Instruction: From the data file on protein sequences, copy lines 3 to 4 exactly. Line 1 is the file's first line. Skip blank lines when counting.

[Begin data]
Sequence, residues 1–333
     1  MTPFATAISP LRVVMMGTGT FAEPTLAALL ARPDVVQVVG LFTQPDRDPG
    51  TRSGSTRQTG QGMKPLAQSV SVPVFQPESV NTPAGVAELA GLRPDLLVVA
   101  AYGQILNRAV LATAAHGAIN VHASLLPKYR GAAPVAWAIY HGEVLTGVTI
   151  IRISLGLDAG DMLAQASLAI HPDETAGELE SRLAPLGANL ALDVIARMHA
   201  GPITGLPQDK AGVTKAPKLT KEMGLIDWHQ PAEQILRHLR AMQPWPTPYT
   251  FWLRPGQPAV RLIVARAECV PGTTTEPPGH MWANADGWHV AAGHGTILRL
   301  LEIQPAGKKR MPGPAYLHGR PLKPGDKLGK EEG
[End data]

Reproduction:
    51  TRSGSTRQTG QGMKPLAQSV SVPVFQPESV NTPAGVAELA GLRPDLLVVA
   101  AYGQILNRAV LATAAHGAIN VHASLLPKYR GAAPVAWAIY HGEVLTGVTI